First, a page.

On a recent afternoon, just a few minutes after Rochester's Community Food Relief opened, the line of people waiting for food stretches out the door. The emergency food center serves leftovers from commercial kitchens to anybody who wants it. There are no restrictions.
"I try and give them at least one sandwich for every person and we go through the fresh stuff first. So, sandwiches, salads, because you can't freeze these," said Aliza Rongstad, who was filling a paper bag with food for a waiting family.
The center is only open for 90 minutes three evenings a week. This January the center provided 3,700 people with a meal. That's 1,000 more than last year.
Lots of people are hurting in Rochester's economy, but it is still growing.
"Point-one percent is still above zero," said Jennifer Ridgeway, a regional economic analyst with the state.
Rochester is comparatively well off in this downturn, Ridgeway said. In the Twin Cities, job growth is down 2.4 percent.
"We're still in a far better position, at least through December, than the state and the nation. We'll see what comes out in January now that we've heard potentially of some layoffs."
Ridgeway is talking about rumored layoffs at IBM. The company has acknowledged jobs cuts are likely, but won't talk about many people will lose their jobs.
More than 4,000 people are employed at the Rochester campus, but IBM's workforce is a small piece of Rochester's economy. Health care employs about one-third of Rochester's workers. The Mayo Clinic is responsible for most of them.
Mayo, meanwhile, is only filling critical positions. Most openings are for nursing and lab tech work, said Shirley Weis, Mayo's Chief Administrative Officer.
"Mayo Clinic has three major missions, patient care: No. 1," she said. "But we have a heavy education and research emphasis also. And in those areas, we're stable or perhaps doing a little down-sizing based on normal attrition at this point in an interview."
Mayo has put off most of its construction and infrastructure projects for this year. About 100 contract and temp workers are being let go, but full-time employees are being kept.
The clinic's patient numbers are steady, but that may change as more people lose work, Weis said.
"There may start to be some softening of demand. As people lose their insurance, they are not as willing to get health care unless it is something really emergent," she said.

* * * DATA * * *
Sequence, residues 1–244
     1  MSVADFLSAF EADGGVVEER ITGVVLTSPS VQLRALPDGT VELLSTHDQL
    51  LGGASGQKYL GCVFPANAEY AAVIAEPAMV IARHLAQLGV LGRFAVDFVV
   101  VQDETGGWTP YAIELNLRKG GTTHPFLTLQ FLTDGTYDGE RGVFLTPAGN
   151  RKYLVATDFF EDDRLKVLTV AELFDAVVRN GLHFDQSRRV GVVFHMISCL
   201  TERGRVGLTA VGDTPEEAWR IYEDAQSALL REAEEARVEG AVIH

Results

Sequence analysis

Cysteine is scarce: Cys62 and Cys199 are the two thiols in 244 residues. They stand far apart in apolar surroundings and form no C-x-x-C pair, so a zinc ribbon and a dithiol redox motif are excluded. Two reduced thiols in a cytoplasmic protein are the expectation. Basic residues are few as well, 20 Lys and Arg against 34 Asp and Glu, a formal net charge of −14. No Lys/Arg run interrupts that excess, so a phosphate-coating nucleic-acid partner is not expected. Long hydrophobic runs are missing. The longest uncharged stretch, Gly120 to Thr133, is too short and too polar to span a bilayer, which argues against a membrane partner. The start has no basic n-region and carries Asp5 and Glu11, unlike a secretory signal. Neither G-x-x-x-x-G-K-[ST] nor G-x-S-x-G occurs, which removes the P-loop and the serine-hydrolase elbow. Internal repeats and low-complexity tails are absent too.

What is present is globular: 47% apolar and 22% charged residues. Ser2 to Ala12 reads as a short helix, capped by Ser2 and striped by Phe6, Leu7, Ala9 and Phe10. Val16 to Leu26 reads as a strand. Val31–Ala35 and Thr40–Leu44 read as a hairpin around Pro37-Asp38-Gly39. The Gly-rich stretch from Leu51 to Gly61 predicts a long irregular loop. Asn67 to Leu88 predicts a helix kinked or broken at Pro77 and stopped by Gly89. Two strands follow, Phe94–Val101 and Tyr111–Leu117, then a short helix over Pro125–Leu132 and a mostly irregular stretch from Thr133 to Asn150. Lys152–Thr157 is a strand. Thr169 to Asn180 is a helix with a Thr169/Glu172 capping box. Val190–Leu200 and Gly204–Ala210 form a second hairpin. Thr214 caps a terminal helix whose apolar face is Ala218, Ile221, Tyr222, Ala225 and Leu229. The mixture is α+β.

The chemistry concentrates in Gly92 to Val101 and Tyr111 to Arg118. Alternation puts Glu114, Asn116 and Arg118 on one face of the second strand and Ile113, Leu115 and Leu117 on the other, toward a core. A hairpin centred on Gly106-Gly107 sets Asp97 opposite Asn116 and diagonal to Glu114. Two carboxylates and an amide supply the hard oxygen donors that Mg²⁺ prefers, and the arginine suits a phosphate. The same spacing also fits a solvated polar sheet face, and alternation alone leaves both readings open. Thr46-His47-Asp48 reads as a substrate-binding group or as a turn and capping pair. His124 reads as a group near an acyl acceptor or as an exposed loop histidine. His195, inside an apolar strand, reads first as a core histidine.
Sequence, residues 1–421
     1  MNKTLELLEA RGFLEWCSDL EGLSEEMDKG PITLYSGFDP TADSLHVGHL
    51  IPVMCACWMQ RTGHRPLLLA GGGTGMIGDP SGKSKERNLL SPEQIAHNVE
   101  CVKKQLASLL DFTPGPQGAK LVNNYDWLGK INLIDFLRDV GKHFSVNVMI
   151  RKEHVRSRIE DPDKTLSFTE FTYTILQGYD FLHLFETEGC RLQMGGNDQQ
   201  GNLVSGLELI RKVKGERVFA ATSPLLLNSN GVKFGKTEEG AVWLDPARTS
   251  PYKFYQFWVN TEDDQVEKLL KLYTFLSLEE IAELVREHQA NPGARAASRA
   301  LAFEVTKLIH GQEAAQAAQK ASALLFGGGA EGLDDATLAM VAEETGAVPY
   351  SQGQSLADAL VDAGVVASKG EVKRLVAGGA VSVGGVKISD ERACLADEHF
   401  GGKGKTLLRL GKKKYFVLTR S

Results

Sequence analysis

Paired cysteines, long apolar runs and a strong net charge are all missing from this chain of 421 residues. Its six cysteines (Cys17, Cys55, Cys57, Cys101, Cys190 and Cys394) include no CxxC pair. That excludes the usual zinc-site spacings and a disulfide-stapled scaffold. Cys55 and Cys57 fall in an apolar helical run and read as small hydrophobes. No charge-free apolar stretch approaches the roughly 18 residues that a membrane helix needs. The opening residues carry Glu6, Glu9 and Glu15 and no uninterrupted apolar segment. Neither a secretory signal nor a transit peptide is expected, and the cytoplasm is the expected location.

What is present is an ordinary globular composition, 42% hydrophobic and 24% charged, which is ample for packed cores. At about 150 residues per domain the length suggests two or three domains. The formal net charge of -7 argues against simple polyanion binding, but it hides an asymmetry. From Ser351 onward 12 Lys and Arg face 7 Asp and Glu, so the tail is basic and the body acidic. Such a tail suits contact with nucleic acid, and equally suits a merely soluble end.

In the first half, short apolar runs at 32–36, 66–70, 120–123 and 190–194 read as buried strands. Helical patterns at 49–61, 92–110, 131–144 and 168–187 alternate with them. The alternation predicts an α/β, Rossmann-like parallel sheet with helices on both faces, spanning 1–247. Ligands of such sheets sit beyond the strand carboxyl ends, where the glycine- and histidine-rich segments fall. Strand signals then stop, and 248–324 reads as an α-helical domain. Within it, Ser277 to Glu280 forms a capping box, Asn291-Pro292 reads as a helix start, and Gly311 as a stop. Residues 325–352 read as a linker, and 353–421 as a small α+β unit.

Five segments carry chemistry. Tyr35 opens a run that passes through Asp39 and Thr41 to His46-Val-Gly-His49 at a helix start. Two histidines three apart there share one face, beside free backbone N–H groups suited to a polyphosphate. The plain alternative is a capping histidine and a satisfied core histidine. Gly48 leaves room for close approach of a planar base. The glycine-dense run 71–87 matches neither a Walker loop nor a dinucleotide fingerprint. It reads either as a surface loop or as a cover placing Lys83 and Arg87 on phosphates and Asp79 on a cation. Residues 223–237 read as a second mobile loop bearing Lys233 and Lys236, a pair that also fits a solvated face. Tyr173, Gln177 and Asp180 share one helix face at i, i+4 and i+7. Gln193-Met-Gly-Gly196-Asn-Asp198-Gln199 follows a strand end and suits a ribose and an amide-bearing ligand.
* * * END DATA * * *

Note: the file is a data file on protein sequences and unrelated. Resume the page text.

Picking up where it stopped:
That could eventually trickle down to other parts of the Rochester economy like the hotels and restaurants. Seventy-five percent of their business comes from Mayo traffic,said Brad Jones, president of the Convention and Visitors Bureau.
Retail and tourism combined make up the second largest sector of the Rochester economy. Fewer people are coming to Rochester, he said, but those who are, spend more.
"It was a demographic shift, is sort of where we're going," Jones said. "International spending was up. We know people coming from the coasts and a little further away was up."
In late 2008, Saudi Arabian royalty spent more than $1.5 million in town in a week on luxury hotels and car rentals. That spending was nice, but it didn't employ the roofers, snow plow drivers and classroom assistants who have lost their jobs in Rochester.
Those are among the people waiting in line at Rochester's Community Food Relief Center.
Restaurants and hospitals have fewer leftovers to donate, which means the center has fewer meals to hand out, said Sandy Rammage, the center's board president, as she points to her freezers.
"Man, they were just echoing. There were five tubs of mashed potatoes, and a few entrees, that was about it. There was no soup. There was no bread, no sandwiches, no vegetables at all. It was pretty skimpy," she said.
Soon, even in the city with the state's lowest unemployment rate and some continued job growth, people in line for food will be turned away.
Click here to listen to an interview with Mayo Clinic Chief Administrative Officer Shirley Weis who talks about how the non-profit is managing expenses in light of a growing Medicare population.